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Ex parte Ho – Burden Shifting in s.101 Rejections

In Judge Plager’s concurrence-in-part in Interval Licensing v. AOL, Inc., he describes the “small puzzle” present in the Mayo/Alice analysis of a claim identified as directed to an abstract idea: “[I]f a court, after reviewing challenged claims in light of their terminology and written description, determines the claims to be ‘abstract’ in Step 1 [the PTO’s Step 2A], how can the same court be expected to determine on a second reading that the same claims have become ‘un-abstract’ via Step 2 [Step 2B of the PTO test]?”

The PTAB gave a demonstration of how the analysis can be carried out in Ex parte Ho et al. (Serial No. 11/797,322; Appeal No. 2016-007472, August 27, 2018) when they reversed the rejection of claims directed to an isolated population of bone marrow cells that had been cultured in two stages to yield the population of cells that co-express CD49c/CD90 while not expressing CD43/CD45, as well as expressing telomerase so that the cells retain their population doubling time. [This a a broad summary of the elements of the main claim -133- that recites these and other elements in more detail.]

While recognizing that the culture conditions have changed the phenotype of the claimed [sic: parent?] cells, the Examiner argued that the claimed features of the cells were simply discovered by the Appellants and that the features “are independent from any effort of appellant.” The Examiner argued that the specification did not disclose that the claimed cells have any “characteristics…that are markedly different from naturally-occurring counterparts.” This sounds a bit like the argument in Ariosa that the invention was merely the discovery by appellants that a natural product, cffDNA, could be isolated from a natural source.

Naturally [pun intended], appellants argued that the Examiner had not identified a naturally occurring counterpart of the claimed cells, “nor has the Examiner ‘provided any references showing that a cell population exists in vivo having the features of the claimed cell population.” [PTO Step 2A has not been met.] The appellant went on to argue that the “Examiner has not established that the culturing steps are routine or conventional,” and that the recited steps altered the starter cells characteristics [so that they met the “markedly different” standard of Step 2 [PTO Step 2B] of the Alice/Mayo test.

The Board blended step 1 and step 2, stating that the question was whether or not “the claimed cell population is patent ineligible because it is not markedly different from a progenitor cell population that exists in nature.” The problem with this blended approach is that the Examiner did not present any evidence that the claimed population of cells has a naturally occurring counterpart.

Instead of simply accepting appellants’ argument that there is no naturally occurring counterpart and ending the s. 101 inquiry at step 1, the Board finessed the lack of evidence:

“Assuming for the purpose of deciding this appeal, that the Examiners [step 1] burden has been met, the burden shifts to applicant to submit evidence sufficient to convince [the POSA] that the claimed subject matter is not directed to… a product of nature. Again, the relevant inquiry… is whether the claimed cell population is ‘new’ with markedly different characteristics’ form anything found in nature. …The Examiner has not persuasively identified any inadequacy in appellants’ rebuttal evidence, not has the Examiner provided scientific reasoning or evidence sufficient to support a finding that the claimed isolated cell population is a product of nature, lacking markedly different characteristics from a naturally occurring counterpart.”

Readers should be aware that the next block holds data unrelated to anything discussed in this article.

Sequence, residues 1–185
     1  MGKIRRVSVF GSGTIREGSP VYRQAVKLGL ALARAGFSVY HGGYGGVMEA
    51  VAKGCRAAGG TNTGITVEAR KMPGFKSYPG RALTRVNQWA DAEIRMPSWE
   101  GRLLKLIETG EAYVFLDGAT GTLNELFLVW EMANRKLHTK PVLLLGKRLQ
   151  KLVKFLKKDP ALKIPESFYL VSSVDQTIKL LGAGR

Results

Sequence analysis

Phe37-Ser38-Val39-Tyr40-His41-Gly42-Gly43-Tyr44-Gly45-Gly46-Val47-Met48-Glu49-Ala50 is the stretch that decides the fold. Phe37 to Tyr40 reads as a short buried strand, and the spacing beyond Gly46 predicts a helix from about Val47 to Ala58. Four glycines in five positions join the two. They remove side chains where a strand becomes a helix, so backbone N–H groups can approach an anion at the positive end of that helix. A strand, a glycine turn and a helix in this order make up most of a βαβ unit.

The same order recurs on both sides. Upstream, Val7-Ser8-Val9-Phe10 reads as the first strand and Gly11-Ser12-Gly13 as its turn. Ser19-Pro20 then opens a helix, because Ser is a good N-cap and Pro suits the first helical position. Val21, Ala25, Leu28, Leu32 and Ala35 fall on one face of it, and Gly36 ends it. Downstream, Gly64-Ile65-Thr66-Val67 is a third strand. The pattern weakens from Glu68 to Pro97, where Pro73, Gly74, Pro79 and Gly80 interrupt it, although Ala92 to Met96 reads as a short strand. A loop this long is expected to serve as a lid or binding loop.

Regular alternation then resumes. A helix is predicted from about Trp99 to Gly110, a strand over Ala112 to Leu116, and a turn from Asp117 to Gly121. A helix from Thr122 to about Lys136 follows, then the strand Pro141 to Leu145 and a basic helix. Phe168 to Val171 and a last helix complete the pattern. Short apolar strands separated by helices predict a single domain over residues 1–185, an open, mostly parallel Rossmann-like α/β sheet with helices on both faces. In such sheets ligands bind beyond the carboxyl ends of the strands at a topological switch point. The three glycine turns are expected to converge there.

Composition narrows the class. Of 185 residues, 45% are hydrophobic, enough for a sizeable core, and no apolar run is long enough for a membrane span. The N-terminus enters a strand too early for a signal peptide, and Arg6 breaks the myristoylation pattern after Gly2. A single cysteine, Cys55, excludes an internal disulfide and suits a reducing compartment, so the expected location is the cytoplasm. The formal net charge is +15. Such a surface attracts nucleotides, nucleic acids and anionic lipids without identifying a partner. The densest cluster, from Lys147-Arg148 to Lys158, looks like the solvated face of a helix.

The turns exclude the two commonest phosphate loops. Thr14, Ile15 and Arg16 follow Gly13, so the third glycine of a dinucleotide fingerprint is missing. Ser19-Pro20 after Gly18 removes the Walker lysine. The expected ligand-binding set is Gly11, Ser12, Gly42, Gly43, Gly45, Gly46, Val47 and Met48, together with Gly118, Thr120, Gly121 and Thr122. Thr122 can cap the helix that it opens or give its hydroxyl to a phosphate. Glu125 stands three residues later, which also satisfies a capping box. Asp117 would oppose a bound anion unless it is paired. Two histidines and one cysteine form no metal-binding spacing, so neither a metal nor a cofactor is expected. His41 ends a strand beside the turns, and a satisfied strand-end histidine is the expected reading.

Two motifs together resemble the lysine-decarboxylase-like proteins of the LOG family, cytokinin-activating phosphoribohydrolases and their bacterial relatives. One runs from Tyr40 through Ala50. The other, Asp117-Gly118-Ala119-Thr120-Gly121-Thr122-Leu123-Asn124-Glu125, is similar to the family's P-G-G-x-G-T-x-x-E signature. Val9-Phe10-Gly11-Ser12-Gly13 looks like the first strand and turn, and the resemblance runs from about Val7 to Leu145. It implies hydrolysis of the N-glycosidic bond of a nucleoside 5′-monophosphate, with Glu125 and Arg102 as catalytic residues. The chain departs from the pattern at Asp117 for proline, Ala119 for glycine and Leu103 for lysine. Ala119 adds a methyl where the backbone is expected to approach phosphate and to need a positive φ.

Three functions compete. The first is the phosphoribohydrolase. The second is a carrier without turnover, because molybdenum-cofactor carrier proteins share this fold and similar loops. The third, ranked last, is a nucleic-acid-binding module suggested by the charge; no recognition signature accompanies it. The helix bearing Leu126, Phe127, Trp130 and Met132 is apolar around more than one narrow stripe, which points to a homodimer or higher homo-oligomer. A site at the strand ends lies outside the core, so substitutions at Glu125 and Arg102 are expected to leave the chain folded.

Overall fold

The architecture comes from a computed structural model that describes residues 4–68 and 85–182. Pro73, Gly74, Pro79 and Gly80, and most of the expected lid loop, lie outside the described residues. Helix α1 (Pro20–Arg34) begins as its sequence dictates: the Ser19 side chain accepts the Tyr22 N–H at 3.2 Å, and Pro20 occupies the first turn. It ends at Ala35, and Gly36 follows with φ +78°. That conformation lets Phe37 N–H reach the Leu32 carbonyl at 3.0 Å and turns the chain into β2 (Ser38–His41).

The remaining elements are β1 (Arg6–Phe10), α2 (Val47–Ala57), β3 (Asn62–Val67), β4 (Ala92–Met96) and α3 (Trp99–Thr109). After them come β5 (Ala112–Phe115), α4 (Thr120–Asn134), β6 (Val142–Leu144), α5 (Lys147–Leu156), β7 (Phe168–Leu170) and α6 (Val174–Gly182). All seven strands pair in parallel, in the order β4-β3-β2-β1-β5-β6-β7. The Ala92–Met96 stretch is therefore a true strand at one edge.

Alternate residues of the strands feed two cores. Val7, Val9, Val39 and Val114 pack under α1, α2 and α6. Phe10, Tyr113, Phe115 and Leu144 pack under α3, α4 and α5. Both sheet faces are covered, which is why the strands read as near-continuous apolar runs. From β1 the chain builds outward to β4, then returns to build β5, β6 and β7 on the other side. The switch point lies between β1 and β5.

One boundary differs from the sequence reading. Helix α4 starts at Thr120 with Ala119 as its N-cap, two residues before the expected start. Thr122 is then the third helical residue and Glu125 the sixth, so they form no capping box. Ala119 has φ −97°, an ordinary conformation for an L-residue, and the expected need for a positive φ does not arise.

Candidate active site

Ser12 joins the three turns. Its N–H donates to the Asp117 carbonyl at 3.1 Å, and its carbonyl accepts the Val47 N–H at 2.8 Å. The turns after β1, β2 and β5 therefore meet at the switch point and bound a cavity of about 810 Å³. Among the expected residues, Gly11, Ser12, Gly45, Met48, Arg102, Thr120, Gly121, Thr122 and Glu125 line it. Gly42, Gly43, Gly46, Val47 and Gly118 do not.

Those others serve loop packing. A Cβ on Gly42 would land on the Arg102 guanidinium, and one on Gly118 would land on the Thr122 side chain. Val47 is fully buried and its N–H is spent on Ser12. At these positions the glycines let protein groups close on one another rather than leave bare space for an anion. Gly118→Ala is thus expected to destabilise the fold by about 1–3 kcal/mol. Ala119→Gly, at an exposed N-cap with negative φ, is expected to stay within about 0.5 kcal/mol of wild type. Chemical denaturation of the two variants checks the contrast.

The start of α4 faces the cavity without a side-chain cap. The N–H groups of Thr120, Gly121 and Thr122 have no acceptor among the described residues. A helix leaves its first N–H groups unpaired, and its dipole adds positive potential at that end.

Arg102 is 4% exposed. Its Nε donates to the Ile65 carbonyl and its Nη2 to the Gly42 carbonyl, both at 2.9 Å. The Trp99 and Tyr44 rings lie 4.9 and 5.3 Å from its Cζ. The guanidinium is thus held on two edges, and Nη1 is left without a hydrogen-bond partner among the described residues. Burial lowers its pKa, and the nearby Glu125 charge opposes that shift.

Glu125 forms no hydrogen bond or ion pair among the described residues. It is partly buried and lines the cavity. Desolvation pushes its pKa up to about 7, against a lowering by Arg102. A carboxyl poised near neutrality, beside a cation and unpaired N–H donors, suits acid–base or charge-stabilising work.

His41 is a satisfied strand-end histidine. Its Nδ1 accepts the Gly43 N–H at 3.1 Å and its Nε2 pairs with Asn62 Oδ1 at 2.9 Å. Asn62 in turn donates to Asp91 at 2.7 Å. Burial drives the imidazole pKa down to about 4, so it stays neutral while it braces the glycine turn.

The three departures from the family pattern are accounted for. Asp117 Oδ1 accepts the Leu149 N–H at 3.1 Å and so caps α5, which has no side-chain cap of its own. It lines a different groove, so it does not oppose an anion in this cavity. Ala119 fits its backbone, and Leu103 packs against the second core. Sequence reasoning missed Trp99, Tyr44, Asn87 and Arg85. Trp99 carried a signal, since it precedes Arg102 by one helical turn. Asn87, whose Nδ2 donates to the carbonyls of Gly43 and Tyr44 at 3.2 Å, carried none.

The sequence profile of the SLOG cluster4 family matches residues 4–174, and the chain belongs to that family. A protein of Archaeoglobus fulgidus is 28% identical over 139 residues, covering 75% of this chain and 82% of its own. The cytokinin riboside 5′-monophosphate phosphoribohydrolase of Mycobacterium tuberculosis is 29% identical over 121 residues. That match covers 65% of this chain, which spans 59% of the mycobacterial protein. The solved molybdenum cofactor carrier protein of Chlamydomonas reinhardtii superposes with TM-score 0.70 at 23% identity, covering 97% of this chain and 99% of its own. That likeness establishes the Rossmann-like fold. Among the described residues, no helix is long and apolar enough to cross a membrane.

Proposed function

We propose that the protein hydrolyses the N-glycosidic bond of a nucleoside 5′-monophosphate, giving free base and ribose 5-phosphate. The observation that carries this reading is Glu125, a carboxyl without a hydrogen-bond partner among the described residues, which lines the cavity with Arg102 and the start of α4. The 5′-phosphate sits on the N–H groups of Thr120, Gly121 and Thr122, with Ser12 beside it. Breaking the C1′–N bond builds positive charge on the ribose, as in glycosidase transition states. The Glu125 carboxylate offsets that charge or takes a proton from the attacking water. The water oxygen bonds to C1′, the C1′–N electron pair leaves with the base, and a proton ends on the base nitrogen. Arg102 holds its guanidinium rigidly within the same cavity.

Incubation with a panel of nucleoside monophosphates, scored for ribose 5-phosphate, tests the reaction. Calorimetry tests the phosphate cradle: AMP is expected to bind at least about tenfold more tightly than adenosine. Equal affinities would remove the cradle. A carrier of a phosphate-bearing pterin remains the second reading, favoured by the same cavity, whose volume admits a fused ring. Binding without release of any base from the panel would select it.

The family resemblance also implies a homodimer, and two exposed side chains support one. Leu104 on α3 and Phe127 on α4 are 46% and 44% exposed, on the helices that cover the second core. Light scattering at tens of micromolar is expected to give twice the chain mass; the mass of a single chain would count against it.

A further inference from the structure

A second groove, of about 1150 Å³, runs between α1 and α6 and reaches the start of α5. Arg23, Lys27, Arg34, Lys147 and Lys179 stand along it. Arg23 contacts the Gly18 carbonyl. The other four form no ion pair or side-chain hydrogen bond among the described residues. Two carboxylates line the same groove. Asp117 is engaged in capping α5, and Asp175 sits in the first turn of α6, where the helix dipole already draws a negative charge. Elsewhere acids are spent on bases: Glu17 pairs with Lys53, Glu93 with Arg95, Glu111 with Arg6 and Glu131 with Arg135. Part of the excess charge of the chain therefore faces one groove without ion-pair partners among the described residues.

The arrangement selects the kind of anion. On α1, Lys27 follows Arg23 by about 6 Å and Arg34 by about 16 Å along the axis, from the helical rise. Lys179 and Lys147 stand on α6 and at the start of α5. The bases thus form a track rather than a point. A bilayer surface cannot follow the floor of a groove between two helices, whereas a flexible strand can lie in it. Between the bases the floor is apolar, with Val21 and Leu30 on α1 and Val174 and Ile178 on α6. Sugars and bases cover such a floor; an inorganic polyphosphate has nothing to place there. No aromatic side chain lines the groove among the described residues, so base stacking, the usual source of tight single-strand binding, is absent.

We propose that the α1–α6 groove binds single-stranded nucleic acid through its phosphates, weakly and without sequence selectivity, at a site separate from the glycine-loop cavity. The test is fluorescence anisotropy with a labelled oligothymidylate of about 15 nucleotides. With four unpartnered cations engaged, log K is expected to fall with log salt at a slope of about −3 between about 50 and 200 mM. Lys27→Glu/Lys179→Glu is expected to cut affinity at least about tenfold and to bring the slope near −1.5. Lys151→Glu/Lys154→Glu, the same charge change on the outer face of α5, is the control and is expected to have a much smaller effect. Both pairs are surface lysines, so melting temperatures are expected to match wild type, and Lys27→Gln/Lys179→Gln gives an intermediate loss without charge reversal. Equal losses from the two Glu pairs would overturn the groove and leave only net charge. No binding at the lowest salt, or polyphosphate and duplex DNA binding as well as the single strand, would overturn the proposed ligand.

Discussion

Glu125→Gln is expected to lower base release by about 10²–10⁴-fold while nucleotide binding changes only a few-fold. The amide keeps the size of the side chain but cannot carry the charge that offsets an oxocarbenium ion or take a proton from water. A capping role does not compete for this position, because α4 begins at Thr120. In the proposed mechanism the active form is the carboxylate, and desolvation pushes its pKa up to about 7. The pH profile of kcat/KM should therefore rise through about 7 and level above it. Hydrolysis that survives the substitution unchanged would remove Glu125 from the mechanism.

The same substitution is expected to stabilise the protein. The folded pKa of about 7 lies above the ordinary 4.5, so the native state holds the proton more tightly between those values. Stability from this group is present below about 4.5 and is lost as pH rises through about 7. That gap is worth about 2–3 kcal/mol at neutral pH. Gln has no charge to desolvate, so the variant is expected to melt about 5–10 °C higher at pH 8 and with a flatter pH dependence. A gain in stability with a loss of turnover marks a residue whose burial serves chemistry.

Now please take a look at Judge Plager’s comments above (and my earlier post on Interval Licensing). If the cells have no naturally occurring counterpart, isn’t it manifest that they are not a natural product? The only evidence that the Examiner provided that there is a naturally occurring counterpart was his/her argument that there must inherently be such a counterpart. If this argument is rejected, why should appellants be required to show markedly different properties? As described in the specification, the closest counterpart cells appear to be the cultured cells employed as the “starting material” for the claimed cultured cells, and there was no 103 rejection over these cells (which are described in the opinion).

If the Examiner cannot establish that the claimed subject matter does not per se exist in the prior art jungle of nature, shouldn’t the s.101 inquiry stop there?

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About this Author

Warren Woessner, Registered Patent Attorney, Schwegman Lundberg Law firm
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Warren Woessner is a registered patent attorney and a founding shareholder of Schwegman, Lundberg & Woessner. His practice focuses on chemical patent law, including biotechnology, pharmaceuticals, vaccines, medical treatments, diagnostics, and biofuels and agricultural chemistry, including related opinion and licensing matters.

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